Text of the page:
It’s hard to believe it’s been twenty years. A few days ago my wife and I were watching one of the 9/11 documentaries with our kids. I found the viewing experience more tense than I expected. I knew what was going to happen, and it was still shocking. For my kids, this was interesting history. For those who can remember that Tuesday twenty years ago–even if we didn’t live in New York City and didn’t lose a loved one–the history can feel awfully present.
I was in my final year at Gordon-Conwell. It was a beautiful morning–sunny, deep blue, not a cloud in the sky. I had an early morning class on that Tuesday. Maybe it was Minor Prophets, something with Hebrew.
The class ended at 9:00am. I made the short walk across campus to my dorm room and picked up the phone. I had to check with my church. Something about a bulletin announcement or the preaching schedule. The church was in between pastors at the time, and I was helping out with the scheduling and some of the preaching. As it turned out, I was glad not to be preaching the next Sunday.
My friend on the phone asked me what I thought about the plane that had just crashed into the Twin Towers. I had no idea what he was talking about. This was 2001. I didn’t own a cell phone. I had no TV in my dorm room. Most of the time I went to the computer lab to check my email. We hung up the phone and I decided to figure out what had happened–probably one of these prop plane accidents. Didn’t John Denver die like that a few years ago?
I walked upstairs to the TV lounge, expecting the room to be quiet. It was a little after 9:00 in the morning. No one would be there. I was half right: the room was completely quiet, but everyone was there. I remember seeing the towers fall. Unreal. Unbelievable.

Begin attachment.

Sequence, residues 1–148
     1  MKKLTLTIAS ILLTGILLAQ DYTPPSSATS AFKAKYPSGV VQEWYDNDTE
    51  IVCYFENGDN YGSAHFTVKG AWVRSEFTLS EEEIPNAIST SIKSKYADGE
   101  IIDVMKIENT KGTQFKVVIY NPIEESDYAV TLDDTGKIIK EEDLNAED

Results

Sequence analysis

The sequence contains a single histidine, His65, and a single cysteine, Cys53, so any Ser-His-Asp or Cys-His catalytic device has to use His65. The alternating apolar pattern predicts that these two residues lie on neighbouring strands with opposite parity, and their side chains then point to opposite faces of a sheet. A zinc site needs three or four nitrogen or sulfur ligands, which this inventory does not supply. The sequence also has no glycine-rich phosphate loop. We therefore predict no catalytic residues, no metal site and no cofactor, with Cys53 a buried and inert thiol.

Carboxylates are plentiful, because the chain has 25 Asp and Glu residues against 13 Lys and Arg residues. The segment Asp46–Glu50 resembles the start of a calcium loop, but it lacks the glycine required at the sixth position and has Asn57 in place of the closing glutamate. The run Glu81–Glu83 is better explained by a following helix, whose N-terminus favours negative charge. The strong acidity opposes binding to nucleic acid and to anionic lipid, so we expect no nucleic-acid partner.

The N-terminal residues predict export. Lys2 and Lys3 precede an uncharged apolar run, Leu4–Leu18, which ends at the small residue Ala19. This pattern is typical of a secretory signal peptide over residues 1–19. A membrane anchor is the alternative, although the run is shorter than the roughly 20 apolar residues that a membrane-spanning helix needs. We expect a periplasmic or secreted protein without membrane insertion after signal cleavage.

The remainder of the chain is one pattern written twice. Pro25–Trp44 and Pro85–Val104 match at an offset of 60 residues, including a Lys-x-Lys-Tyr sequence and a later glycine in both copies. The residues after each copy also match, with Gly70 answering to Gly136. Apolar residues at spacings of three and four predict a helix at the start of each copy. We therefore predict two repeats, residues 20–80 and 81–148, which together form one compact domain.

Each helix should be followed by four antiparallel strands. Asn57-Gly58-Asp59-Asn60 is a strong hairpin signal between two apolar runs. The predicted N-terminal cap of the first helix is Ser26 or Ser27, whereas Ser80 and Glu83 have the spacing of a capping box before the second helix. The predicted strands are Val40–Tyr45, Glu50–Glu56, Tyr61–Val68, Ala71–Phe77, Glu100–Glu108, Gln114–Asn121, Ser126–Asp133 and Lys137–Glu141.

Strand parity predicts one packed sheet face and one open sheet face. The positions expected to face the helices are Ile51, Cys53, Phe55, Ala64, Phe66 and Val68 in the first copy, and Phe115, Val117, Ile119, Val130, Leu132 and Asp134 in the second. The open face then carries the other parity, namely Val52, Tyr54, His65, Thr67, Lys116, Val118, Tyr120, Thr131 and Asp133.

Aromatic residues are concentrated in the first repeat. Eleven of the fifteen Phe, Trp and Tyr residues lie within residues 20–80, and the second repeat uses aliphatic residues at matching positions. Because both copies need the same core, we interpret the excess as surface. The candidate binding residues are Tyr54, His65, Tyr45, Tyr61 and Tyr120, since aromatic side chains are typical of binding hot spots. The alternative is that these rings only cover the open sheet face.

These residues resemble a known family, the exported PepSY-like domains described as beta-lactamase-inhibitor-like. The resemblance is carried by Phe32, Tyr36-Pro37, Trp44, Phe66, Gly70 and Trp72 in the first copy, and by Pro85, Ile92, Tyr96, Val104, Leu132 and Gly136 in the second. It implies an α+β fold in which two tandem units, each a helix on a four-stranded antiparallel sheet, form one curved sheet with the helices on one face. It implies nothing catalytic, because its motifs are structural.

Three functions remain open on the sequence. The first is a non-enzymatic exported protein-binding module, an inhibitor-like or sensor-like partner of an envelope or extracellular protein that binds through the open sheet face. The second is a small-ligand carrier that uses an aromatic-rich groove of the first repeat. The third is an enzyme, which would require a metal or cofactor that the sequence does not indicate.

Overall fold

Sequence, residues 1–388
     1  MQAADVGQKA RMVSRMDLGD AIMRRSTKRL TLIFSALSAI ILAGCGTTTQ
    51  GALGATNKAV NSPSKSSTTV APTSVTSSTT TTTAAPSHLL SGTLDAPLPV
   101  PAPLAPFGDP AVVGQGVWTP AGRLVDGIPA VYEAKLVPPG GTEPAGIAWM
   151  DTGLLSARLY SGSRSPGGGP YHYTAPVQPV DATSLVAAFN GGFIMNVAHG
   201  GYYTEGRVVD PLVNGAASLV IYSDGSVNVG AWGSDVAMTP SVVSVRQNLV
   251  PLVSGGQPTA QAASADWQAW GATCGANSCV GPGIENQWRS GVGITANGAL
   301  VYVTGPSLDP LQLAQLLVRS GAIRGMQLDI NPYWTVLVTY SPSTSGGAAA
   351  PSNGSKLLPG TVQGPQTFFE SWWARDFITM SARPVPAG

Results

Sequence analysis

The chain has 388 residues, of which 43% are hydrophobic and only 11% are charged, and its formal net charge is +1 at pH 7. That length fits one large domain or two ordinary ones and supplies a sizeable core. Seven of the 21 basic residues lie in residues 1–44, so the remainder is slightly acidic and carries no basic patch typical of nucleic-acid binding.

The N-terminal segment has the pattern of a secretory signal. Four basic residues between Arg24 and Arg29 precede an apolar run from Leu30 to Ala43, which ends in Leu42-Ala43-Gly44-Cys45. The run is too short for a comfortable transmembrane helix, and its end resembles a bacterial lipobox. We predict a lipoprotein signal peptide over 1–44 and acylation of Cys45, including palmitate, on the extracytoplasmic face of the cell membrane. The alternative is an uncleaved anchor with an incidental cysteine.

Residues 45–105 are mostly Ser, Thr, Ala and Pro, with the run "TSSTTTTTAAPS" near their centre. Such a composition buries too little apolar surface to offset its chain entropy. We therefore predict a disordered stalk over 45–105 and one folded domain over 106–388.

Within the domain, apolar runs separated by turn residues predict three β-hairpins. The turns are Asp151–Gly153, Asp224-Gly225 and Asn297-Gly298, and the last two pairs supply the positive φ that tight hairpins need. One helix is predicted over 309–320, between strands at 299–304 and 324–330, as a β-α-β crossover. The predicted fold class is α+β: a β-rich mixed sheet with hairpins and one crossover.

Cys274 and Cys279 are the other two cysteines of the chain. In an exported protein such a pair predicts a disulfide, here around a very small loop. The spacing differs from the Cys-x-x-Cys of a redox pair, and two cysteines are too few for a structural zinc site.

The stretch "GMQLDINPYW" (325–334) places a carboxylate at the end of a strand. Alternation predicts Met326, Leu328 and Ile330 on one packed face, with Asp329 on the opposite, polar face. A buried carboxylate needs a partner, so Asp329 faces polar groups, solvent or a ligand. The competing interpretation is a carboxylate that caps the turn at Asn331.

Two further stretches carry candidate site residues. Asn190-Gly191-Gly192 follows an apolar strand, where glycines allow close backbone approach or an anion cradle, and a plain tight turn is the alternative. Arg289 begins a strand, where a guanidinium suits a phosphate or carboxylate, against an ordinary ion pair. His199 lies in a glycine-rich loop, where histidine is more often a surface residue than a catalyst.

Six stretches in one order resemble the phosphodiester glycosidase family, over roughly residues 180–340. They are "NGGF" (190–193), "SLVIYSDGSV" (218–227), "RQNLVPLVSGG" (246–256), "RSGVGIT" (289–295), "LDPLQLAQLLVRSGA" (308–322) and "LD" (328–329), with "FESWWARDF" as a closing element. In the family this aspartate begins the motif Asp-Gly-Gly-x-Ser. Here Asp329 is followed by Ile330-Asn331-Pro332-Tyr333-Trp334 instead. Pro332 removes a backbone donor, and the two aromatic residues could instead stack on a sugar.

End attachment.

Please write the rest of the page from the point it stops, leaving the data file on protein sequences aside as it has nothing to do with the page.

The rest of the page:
I remember walking up and down the Holy Hill on campus, praying, thinking, somewhat fearful, knowing that since every flight in the country had been grounded, if I saw a plane in the sky it was very bad news. I remember everyone trying to call home and not getting through. I remember driving the two miles over to Gordon College to pick up my fiance (now my wife) so we could be together. I remember the special prayer service and how we huddled in groups–students, families, professors. Walter Kaiser, David Wells, Doug Stuart–I think they all were there. I remember gathering in the one dorm room with a working TV to watch President Bush, and later Billy Graham. I remember having to pray in chapel later that week and not knowing what to say, except that I should say something from Psalm 46.
I remember how personal the loss was for so many in Boston. I’d flown out of Logan too.
I remember all the American flags–everywhere, on mailboxes, on street corners, in store windows, even in Massachusetts. I remember hearing “I’m Proud to be an American” on the radio and crying instead of laughing. I remember how everything I was looking forward to–graduating, getting married, finding a church–seemed distant and on-hold, like maybe normal would not return, maybe nothing would be the same.
Life would be normal again. As least for most of us. Maybe too normal. Thousands walked into the church again. They didn’t stay. I told myself I would pray for my country every day for the rest of my life. Sadly, I haven’t.
It’s hard to believe that today’s seniors in high school weren’t alive for 9/11. Those just out of college won’t remember anything of the day. Even young people in their 20s or early 30s may only remember the day as something that made for a difficult assembly in school. They may know nothing about Todd Beamer’s “Let’s roll” or President Bush’s “I can hear you” or his opening pitch at Yankee Stadium. That’s bound to happen. I’m sure I don’t know as much about Pearl Harbor as I should. But let’s not allow the memory of twenty years ago to become too distant.
Where were you?
Teach our history. Share your story. Thank God for mercies. Pray, repent, and don’t forget.